The Prince of Spies
Series: Hope and Glory #3
Published by Bethany House Publishers
Publication Date February 16, 2021
Genres: Historical Fiction, Christian Fiction, Clean Romance
Setting: Washington D.C. Progressive Era – US – 1890s – 1920s
Main Character Ages: 25-34
Written for: Adults
Luke Delacroix has the reputation of a charming man-about-town in Gilded Age Washington, DC. In reality, he is secretly carrying out an ambitious agenda in Congress. His current mission is to thwart the reelection of Congressman Clyde Magruder, his only real enemy in the world.
But trouble begins when Luke meets Marianne Magruder, the congressman's only daughter, whose job as a government photographer gives her unprecedented access to sites throughout the city. Luke is captivated by Marianne's quick wit and alluring charm, leading them both into a dangerous gamble to reconcile their feelings for each other with Luke's driving passion for vital reforms in Congress.
Can their newfound love survive a political firestorm, or will three generations of family rivalry drive them apart forever?
I would like to thank Bethany House Publishers, Netgalley for giving me a copy of this book. This gift did not influence my opinion or review.
Also in this series: The Spice King, A Gilded Lady
From the suspenseful opening sentence to the triumphal ending, The Prince of Spies had me captivated. Romeo and Juliet and Don Quixote blend in Elizabeth Camden’s unique style in this wonderful conclusion to the Hope and Glory series. Each book infuses fascinating historical tidbits in the telling of the stories of the Delacroix siblings. If you have not yet read the others in the series, you will want to before continuing this review to avoid the spoilers.
I have been anxiously waiting to hear the rest of Luke’s story. Unlike his solemn older brother, Gray, Luke was full of passion and fire. He was a man who didn’t do things halfway. Serious about his causes, he did all he could to right the wrongs of the world. Mostly recovered from his stint in the Cuban prison, he embarked on a crusade to protect an unsuspecting public from the poisons injected into the foods they eat. Luke had a very sensitive side, as well, which caused him embarrassment when he would turn into a “water pot” at emotional moments.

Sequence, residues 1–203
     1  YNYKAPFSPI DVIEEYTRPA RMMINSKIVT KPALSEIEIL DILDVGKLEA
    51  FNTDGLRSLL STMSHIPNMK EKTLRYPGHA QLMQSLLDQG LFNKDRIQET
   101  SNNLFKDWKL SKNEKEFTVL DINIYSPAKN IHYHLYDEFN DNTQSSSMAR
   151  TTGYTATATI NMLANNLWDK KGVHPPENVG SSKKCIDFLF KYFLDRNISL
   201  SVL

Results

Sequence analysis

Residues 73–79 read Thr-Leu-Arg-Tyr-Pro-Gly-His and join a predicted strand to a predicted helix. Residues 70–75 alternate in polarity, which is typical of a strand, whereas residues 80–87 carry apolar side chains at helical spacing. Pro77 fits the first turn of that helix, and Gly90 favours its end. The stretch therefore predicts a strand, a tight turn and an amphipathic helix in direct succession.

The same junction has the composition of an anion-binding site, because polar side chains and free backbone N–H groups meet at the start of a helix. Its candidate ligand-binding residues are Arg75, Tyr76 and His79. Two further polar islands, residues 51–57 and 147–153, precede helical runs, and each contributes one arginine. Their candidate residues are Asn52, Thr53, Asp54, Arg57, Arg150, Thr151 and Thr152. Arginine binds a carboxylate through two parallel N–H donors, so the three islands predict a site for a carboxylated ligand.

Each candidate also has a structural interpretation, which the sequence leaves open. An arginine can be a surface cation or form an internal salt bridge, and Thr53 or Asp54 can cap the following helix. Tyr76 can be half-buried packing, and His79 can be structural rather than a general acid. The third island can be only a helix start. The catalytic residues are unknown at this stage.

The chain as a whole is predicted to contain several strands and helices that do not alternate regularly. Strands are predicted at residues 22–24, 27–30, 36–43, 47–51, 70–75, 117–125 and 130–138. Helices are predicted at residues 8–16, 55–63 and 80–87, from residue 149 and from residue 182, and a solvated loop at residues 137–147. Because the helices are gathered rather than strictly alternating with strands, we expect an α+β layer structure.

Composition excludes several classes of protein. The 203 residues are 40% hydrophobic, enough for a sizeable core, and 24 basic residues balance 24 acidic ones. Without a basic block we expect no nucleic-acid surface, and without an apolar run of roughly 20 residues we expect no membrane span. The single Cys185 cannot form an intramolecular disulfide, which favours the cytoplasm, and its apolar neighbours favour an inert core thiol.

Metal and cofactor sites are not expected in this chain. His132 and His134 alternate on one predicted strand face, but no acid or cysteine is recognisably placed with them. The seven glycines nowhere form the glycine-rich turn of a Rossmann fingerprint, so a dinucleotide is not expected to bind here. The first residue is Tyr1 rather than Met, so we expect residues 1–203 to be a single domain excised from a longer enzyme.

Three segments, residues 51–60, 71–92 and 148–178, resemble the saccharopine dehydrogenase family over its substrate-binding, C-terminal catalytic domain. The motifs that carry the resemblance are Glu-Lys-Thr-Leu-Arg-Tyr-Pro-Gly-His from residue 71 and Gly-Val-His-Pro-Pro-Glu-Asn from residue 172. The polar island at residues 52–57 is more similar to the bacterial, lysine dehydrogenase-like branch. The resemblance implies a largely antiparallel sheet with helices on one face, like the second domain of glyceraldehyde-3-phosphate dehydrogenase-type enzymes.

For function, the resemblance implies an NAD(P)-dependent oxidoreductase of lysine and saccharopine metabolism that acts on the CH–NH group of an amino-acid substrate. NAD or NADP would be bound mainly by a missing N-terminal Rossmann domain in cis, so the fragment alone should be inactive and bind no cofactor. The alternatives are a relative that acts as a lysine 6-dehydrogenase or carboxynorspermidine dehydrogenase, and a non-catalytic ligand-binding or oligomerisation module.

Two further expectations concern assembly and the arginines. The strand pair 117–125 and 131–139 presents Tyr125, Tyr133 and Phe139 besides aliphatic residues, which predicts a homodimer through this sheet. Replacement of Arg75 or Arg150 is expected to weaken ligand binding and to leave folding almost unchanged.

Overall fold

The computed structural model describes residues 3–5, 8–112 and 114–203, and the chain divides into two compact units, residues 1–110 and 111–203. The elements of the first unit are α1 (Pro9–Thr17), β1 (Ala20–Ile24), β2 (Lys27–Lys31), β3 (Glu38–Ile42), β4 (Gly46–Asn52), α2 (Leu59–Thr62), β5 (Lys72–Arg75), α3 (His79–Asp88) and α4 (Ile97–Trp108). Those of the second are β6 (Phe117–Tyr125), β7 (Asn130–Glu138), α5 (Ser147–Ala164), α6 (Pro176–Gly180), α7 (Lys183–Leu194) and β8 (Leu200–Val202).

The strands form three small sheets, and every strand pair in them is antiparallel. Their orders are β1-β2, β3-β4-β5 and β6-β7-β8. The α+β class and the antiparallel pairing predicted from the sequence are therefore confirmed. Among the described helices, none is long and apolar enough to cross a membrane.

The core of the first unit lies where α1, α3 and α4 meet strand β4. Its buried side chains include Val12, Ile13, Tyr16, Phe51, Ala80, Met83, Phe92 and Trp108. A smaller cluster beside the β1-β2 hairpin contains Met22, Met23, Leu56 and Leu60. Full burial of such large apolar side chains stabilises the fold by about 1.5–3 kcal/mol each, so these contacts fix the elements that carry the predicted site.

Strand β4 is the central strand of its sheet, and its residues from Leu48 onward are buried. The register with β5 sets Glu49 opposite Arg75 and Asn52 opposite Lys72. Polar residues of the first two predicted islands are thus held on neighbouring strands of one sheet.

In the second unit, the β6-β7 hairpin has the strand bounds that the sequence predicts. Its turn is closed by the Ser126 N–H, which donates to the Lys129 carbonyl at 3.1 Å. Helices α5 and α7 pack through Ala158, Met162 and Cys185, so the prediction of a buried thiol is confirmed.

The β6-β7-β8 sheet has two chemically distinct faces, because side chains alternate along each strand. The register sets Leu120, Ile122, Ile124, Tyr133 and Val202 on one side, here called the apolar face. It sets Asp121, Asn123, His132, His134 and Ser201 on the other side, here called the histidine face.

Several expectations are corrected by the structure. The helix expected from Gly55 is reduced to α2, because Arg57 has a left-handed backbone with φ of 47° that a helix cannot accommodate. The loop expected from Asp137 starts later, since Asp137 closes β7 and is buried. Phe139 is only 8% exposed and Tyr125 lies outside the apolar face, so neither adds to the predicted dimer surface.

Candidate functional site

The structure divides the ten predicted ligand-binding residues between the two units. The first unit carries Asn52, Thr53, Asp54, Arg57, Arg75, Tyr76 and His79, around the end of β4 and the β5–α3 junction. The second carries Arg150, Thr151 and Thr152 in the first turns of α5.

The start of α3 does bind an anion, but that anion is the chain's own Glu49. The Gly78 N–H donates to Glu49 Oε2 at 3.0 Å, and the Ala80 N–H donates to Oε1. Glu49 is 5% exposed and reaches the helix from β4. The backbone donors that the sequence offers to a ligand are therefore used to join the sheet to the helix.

Marianne was delightful! Courageous and determined. We are introduced to her when she staged a daring rescue that almost cost Luke and her their lives! I admired her dedication to her family despite their many faults and even more so, her desire to do what is good and right.
I loved The Poison Squad, as they had dubbed themselves! Their theatrics, teasing, and antics had me grinning. But they weren’t only about fun and games – they were dedicated to the food trials they underwent and also had each others’ backs. I was unaware that such a group of men existed in our country’s past.
The Prince of Spies is far from dry, dusty history. In addition to the romance, it is full of intrigue and light-hearted moments. Readers of historical fiction will want to be sure to read this fascinating series.